LGBT Rights as Mega-politics: Litigating before the ECtHR
31 Pages Posted: 22 Jun 2021 Last revised: 19 Aug 2021
Date Written: August 16, 2021
Contestations over LGBT rights are now occurring worldwide at multiple levels of governance. The European Court of Human Rights (ECtHR or Strasbourg Court) has become a focal point for these contestations. This article, part of a symposium in Law and Contemporary Problems on International Courts and the Adjudication of Mega-Politics, analyzes the increase in LGBT rights cases before the ECtHR. We argue that two divergent forces are pushing these cases to Strasbourg. First, the Court has dynamically interpreted the European Convention on Human Rights to expand protections for gay men and lesbians by taking account of progressive trends in national laws and policies. Second, the ECtHR has received numerous complaints against Russia, Eastern European, and former Soviet states that routinely violate the bodily integrity and political rights of sexual minorities.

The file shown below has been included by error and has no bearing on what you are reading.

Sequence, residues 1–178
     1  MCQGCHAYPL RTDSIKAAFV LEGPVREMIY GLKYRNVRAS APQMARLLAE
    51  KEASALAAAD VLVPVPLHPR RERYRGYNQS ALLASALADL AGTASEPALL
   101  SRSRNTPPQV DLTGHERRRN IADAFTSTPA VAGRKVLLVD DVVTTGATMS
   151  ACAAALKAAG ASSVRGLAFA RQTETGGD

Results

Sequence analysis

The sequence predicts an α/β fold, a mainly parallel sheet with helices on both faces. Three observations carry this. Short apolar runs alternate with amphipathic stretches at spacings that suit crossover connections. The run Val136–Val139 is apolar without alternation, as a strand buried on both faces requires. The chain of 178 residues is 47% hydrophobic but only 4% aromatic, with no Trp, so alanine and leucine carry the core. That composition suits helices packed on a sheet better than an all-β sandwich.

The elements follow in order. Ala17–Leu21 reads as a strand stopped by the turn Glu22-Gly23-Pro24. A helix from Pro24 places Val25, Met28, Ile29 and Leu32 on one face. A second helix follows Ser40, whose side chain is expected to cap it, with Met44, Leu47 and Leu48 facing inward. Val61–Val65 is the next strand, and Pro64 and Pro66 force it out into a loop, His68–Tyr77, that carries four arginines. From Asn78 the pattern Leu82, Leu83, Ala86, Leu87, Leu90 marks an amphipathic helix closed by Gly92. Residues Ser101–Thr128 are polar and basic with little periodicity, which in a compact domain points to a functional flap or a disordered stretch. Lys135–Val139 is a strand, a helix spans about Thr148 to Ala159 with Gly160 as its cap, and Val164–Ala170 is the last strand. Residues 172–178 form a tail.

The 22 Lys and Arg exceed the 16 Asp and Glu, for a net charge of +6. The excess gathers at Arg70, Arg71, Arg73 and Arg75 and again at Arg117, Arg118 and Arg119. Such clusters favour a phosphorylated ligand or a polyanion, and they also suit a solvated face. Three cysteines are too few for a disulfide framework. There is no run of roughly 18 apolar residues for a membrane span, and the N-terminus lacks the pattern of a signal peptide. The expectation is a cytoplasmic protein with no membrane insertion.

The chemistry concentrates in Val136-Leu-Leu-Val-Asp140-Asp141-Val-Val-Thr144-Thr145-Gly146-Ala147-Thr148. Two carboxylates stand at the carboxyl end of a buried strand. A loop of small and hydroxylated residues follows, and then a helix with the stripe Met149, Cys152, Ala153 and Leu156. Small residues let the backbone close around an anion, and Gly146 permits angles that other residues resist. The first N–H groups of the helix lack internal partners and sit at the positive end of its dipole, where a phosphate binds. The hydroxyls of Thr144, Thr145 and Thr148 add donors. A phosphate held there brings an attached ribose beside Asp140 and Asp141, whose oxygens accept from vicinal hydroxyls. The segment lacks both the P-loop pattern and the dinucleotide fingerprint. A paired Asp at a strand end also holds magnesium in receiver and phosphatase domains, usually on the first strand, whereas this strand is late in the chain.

To understand these trends, we coded all ECtHR lesbian and gay rights cases. We divide the case law into three periods—1950 to 1998, 1999 to 2009, and 2010 to 2020—that mark the Court’s evolving approach to these rights. We identify the number of cases in each period, describe important doctrinal trends, and discuss watershed cases that mark shifts in ECtHR jurisprudence. We then pose three questions to investigate the explosion of LGBT legal issues before the ECtHR over the last decade: Why the increase? Why Strasbourg? And why LGBT rights? We conclude by considering the implications of our findings for the ECtHR as a forum for mega-political contestation.
Keywords: European Court of Human Rights, human rights, LGBT rights, Council of Europe, mega-politcs, international courts
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